For the Council of Europe, sport is a force for social integration, tolerance and understanding. As the single most popular activity in society today, sport plays a most distinctive role. It is open to all, regardless of age, language, religion, culture or ability.
Sport provides the opportunity to learn to play by commonly agreed rules, to behave with fairness in victory and in defeat, and to develop not only the physical being, but also social competences and ethical values. Its positive role in education is also increasingly acknowledged. Sport brings a key contribution to the promotion of the core values of the Council of Europe: democracy, human rights and the rule of law.
For its part, the Council of Europe acts firmly against some of the negative aspects of sport - violence and doping - through two conventions: the European Convention on Spectator Violence and Misbehaviour at Sports Events and in particular at Football Matches (ETS No. 120) and the Anti-Doping Convention (ETS No. 135).
Violence is the most common form of violation of human rights affecting all human beings. The fight against violence – whichever form it may take - and its prevention forms one of the cornerstones of the Council of Europe’s priorities and subsequently its activities. In 1983, the Council of Europe voiced its determination to combat violence in sport with an initial recommendation from its Parliamentary Assembly on the cultural and educational means of reducing violence.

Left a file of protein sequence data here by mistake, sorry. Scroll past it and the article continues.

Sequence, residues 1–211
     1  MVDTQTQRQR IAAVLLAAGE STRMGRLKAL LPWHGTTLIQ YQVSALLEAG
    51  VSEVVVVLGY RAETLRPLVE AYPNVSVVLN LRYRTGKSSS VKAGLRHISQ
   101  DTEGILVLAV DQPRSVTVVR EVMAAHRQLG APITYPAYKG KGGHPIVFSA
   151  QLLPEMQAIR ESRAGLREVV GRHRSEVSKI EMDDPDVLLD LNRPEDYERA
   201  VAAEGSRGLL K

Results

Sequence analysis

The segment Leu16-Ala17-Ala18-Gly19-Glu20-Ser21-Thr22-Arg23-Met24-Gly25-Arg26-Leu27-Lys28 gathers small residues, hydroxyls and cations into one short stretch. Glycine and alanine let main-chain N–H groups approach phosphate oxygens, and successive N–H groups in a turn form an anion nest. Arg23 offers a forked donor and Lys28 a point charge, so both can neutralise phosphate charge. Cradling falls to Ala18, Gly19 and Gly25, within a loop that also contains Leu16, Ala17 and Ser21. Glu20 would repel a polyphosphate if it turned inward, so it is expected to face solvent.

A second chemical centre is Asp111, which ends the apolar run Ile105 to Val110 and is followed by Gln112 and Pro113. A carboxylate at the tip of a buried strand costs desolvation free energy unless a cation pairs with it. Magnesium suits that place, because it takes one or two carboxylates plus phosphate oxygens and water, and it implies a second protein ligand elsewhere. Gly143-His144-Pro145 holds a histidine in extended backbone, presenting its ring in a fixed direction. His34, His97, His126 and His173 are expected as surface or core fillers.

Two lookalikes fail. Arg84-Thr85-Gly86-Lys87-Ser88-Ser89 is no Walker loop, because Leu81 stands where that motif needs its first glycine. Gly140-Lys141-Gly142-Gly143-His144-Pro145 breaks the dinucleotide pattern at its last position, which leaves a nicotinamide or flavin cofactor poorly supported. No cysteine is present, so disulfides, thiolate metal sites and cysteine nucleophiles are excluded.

In response, the Committee of Ministers advocated a series of measures in 1984 to reduce spectator violence at sports events, particularly at football matches. The Heysel disaster in May 1985 lent new urgency to this work. Many Europeans felt concerned by such violence and its repercussions. The tragedy provided the dramatic backdrop to the opening for signature, in Strasbourg on 19 August 1985, of the European Convention on Spectator Violence and Misbehaviour at Sports Events and in particular at Football Matches, which came into force extremely rapidly on 1 November 1985.
More than three decades after the launch of the convention, the progress is notable. National legislation and security regulations comply more and more with the recommendations made in the European Convention on Spectator Violence and Misbehaviour at Sports Events, supporters are better managed and this significantly reduces the risk of such disasters happening.
The Standing Committee, in charge of the implementation of the Convention, evolved from a security approach to a safety and later to a service one, which naturally enables it to draft the new convention on an integrated safety, security and service approach at football matches and other sports events.